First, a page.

You can also get to the new masking tools by clicking the Create New Mask button in the Masks panel.
Let’s take a look at the new masking tools.
New Lightroom Classic feature #4: Select Background
The new Select Background tool uses AI to make a mask covering the background of the photo.
Before the update, you could mask the background of a photo by using Select Subject, then clicking the three dot icon next to the mask and selecting Duplicate and Invert Mask from the menu.
Select Background simplifies the process by giving you one button to click.
In the example below, I used Select Background to mask the background of the photo (the mask overlay is green).
A good use for Select Background is to make the background darker, or to adjust the colors by changing the color temperature or reducing saturation.
New Lightroom Classic feature #5: Select Objects
Select Objects is the next new AI based tool. It’s useful for masking objects that are not the main subject of the photo. You can also use it as an alternative to Select Subject if that tool struggles to find the main subject of a photo.
There are two modes for selecting an object to be masked: Brush Select and Rectangle Select. Use Brush Select for irregularly shaped objects, and Rectangle Select for objects that can be neatly framed by a rectangle. You may have to experiment to see which option works best for your photo.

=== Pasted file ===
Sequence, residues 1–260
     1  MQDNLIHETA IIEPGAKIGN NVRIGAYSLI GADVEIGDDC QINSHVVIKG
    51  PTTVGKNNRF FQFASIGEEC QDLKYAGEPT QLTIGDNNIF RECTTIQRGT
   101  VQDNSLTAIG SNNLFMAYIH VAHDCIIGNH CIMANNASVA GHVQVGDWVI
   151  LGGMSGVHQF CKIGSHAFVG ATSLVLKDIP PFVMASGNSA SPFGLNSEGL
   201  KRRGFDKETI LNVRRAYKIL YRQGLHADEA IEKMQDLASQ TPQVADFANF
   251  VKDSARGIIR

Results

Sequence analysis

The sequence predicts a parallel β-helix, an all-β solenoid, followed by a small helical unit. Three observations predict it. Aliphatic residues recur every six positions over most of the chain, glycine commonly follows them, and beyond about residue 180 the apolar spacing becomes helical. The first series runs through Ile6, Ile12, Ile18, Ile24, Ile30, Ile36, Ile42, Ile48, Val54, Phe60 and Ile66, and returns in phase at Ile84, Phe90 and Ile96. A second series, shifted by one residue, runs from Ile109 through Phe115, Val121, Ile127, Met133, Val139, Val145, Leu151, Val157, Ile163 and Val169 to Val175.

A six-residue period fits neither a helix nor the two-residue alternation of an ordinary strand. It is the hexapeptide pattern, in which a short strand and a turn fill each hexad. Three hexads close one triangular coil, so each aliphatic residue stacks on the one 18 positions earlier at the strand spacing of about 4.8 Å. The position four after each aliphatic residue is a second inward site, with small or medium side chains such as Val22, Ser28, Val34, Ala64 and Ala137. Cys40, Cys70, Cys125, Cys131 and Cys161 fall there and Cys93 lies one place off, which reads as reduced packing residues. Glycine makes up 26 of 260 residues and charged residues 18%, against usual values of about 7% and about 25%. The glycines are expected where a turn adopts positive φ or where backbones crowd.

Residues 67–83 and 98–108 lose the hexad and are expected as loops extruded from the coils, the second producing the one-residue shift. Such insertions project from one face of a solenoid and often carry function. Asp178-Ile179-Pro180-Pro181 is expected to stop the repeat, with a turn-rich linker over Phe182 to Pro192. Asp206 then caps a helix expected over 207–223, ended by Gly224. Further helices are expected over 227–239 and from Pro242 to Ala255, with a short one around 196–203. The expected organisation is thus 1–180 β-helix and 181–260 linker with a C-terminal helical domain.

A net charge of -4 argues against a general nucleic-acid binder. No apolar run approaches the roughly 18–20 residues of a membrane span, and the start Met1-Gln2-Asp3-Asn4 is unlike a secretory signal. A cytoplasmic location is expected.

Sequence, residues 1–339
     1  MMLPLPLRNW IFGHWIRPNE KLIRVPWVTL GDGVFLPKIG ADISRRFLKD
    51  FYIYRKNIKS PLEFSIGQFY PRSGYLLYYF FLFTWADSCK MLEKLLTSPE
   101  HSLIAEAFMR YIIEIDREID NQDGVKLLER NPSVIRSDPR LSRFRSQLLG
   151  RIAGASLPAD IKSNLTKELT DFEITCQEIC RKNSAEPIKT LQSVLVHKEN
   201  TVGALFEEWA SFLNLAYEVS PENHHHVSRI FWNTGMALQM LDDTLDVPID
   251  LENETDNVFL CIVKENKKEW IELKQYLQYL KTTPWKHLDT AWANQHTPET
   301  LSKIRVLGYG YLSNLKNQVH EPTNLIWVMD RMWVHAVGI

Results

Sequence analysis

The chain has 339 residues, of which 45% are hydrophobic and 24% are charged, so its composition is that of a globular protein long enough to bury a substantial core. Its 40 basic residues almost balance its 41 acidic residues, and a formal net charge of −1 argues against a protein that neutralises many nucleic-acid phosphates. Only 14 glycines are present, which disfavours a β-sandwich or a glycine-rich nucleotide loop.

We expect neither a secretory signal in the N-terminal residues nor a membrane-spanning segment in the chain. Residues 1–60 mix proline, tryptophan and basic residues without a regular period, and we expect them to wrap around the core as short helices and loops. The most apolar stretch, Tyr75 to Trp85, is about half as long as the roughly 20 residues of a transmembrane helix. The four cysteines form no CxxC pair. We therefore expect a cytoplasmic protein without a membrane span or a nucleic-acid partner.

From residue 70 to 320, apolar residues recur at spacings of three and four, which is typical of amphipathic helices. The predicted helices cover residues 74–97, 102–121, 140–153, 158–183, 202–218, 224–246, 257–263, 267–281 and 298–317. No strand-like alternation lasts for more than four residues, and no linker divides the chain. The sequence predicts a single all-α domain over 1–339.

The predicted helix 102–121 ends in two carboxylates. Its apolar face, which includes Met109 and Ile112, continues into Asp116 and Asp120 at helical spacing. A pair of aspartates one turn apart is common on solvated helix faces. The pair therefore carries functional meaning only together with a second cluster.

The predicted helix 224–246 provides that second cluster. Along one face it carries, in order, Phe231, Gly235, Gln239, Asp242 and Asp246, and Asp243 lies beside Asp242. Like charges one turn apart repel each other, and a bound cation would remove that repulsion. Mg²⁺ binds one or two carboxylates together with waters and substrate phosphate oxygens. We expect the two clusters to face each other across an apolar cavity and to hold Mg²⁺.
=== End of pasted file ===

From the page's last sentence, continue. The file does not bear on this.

In the photo below I used Select Objects to make a mask covering the plant pot.
In this photo you could use the mask to make the pot brighter or darker, or to add Clarity or Texture to bring out its textures.
New Lightroom Classic feature #6: Select People
Select People is the last new AI based tool. You can use Select People to make separate masks for features like face skin, hair, lips and eyebrows. You could do this in earlier versions of Lightroom Classic with the Brush tool, but Select People makes it quicker and easier.
There are also eight new adaptive presets (see Adaptive: Portraits in the Presets panel) that make use of Select People masks.
Use Select People to make masks like the ones below, covering the models face skin, hair and lips, to make local adjustments and apply skin smoothing.
If you’re a portrait photographer you’ll love these new updates to Lightroom Classic. I’ve been telling people for years that you don’t need to buy a retouching plugin and that you can do all the retouching you need in Lightroom. The new Select People masking tools make it easier and quicker.
Otherwise, the new Select Background and Select Objects masking tools also make it easier to make fast, accurate selections using masks. AI masking is a great feature to have and I find myself using older tools like the Brush and Linear and Radial gradients much less.
Mastering Lightroom Classic: Book Two – The Develop Module
My ebook Mastering Lightroom Classic: Book Two – The Develop Module goes into the new features in more detail, with examples.